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How are the knowledge and information needs of crofters being addressed?

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For a number of years I have been interested in crofting and I recently had the chance to conduct some research on access to knowledge and information by crofters on Lewis, Skye and Harris.  In case you are not familiar with crofting, it is (loosely) a form of small-scale farming system common in the Highlands and Islands of Scotland. It is of great importance for remote rural Scotland both historically and currently in terms of land use and ownership, as well for maintaining cultural heritage and traditions. Crofting usually occurs on land which is of relatively poor agricultural quality, and is often a supplementary activity (many crofters obtain less than 20% of their income from their crofts). However, crofters and their families represent a tenth of the Highlands and Islands population, and crofting has a key role in ensuring the sustainable development of Scotland’s rural areas. Providing information to crofters is therefore important and I explored this as part of a project called PRO AKIS.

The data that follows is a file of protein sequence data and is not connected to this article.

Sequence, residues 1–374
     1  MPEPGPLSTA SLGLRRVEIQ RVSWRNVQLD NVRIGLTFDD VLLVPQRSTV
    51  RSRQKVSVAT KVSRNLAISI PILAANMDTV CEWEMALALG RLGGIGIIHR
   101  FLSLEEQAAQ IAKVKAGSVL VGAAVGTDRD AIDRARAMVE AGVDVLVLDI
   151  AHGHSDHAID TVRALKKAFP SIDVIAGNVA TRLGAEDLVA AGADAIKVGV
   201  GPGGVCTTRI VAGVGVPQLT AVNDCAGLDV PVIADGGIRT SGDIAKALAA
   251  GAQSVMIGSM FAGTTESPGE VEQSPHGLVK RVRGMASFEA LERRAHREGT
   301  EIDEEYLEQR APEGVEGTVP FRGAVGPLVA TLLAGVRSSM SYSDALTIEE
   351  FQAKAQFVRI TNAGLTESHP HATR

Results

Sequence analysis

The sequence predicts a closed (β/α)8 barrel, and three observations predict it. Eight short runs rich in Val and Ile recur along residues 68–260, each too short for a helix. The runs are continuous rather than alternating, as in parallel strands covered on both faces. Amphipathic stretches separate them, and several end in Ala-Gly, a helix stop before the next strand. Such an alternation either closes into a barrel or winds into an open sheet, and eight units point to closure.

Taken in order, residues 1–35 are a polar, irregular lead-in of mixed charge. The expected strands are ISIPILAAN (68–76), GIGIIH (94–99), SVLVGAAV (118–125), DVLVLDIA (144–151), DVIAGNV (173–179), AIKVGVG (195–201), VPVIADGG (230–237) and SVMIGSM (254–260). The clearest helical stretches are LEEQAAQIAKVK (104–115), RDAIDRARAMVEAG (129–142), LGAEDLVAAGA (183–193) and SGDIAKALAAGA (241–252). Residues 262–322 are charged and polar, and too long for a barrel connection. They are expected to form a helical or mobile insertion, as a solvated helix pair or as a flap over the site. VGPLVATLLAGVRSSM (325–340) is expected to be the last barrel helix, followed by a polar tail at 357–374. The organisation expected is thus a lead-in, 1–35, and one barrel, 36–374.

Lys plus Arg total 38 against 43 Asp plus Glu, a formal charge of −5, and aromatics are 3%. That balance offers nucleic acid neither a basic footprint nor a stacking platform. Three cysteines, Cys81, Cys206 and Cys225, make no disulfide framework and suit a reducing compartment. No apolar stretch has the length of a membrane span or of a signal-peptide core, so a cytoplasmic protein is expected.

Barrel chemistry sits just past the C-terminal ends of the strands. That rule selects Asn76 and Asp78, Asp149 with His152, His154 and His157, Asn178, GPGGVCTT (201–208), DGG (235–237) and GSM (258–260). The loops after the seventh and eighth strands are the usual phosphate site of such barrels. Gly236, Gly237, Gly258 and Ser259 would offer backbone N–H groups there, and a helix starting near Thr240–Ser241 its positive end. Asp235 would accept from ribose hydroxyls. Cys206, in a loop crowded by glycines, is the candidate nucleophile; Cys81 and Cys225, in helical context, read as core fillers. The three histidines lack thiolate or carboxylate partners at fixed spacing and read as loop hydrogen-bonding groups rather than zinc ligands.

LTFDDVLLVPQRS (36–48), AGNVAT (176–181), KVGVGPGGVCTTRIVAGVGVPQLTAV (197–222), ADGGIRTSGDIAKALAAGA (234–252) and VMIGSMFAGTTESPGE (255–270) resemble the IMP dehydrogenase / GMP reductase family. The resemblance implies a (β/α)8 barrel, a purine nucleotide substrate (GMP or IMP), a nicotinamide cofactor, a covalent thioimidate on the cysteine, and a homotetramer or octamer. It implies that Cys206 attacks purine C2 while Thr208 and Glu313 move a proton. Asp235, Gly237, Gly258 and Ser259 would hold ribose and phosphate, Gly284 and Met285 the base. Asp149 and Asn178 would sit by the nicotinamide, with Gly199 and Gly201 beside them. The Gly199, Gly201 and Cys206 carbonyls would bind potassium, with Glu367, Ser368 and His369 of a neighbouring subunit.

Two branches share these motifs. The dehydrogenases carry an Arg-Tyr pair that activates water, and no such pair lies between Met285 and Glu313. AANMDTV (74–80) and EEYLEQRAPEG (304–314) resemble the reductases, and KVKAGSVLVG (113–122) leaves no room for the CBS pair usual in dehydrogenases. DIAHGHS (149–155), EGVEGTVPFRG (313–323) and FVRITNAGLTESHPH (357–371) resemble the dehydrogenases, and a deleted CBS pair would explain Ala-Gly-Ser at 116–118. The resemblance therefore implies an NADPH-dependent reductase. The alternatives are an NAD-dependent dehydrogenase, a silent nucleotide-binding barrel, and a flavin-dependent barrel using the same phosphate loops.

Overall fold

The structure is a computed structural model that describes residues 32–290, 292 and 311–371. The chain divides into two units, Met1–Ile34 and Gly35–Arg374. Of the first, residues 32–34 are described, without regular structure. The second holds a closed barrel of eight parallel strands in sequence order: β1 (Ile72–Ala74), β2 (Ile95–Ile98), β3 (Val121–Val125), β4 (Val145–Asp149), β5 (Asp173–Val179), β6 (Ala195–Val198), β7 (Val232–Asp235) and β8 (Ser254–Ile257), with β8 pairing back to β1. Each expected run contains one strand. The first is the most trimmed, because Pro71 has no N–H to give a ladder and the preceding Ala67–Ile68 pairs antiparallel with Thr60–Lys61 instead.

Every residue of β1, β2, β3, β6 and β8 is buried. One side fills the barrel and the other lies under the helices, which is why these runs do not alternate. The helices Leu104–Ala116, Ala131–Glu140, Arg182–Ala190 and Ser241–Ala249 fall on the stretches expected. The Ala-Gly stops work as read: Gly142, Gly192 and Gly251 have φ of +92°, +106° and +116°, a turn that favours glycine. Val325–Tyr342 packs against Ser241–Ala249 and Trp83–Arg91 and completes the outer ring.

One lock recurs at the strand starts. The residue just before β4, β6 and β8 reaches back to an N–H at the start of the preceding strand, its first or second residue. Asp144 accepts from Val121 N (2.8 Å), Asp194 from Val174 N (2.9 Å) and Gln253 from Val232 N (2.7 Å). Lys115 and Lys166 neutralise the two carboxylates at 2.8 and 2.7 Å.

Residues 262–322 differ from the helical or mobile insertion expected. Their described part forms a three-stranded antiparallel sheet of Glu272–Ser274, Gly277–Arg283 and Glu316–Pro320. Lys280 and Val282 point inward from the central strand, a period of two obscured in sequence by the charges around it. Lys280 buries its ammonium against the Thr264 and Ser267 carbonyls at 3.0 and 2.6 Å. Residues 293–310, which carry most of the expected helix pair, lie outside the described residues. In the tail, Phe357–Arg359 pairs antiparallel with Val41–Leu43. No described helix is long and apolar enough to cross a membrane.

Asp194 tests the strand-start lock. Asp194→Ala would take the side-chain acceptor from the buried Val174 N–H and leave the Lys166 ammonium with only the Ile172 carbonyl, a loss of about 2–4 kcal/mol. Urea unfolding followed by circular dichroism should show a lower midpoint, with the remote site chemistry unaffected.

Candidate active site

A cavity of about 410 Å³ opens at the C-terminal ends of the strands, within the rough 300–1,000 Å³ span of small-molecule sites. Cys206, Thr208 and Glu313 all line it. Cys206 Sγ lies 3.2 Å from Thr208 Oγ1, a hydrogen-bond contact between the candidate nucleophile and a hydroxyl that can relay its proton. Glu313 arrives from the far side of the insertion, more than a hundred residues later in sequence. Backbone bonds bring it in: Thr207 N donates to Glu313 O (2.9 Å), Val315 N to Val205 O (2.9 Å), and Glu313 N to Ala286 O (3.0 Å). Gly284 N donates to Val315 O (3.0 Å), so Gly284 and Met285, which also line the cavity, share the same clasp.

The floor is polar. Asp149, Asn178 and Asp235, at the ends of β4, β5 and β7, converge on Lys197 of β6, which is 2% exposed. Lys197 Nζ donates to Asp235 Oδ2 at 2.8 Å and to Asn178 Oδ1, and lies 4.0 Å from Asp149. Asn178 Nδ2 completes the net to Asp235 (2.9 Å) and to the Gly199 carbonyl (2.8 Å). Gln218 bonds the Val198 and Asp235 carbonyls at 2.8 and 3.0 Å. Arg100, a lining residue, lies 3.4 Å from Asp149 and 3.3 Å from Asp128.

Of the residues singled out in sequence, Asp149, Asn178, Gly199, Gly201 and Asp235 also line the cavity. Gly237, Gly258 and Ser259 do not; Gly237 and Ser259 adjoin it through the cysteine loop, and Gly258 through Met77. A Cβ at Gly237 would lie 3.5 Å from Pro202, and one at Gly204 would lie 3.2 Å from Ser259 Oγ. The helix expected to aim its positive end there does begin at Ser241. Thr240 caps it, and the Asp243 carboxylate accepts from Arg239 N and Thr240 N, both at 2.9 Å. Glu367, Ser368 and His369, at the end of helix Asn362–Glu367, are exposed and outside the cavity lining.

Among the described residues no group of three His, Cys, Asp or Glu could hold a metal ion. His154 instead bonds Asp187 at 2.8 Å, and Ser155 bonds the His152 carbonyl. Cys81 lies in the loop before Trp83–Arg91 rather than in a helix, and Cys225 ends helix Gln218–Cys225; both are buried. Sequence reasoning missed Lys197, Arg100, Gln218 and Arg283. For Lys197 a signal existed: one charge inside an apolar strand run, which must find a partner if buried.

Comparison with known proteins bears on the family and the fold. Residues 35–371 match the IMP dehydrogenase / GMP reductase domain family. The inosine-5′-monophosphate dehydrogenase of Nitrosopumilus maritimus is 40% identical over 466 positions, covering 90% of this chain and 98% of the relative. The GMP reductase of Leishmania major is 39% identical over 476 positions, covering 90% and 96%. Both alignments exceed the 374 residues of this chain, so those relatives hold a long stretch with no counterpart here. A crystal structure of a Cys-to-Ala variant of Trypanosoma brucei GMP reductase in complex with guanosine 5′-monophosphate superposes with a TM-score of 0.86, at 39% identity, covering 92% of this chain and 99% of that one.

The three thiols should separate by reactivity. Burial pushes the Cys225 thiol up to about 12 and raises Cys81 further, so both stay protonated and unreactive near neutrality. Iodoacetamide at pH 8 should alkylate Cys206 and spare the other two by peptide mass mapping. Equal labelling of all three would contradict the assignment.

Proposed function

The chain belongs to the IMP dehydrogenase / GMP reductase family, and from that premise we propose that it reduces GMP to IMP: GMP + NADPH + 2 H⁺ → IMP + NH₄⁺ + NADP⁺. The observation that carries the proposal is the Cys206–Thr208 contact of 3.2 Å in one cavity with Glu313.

Information and advice to crofters is presently provided by a range of sources including the Scottish Crofting Federation, other rural and farming consultancies such as SAC consultants, and more general business and veterinary advice and commercial feedstuff and machinery companies. In addition great value is placed on local advice from neighbours and other crofters which is often considered to be one of the more easily accessible information sources. Advice is provided on a number of topics including on livestock and crops; running your own business; diversification activities such as renewable energy and tourism ventures; grant applications and legislation.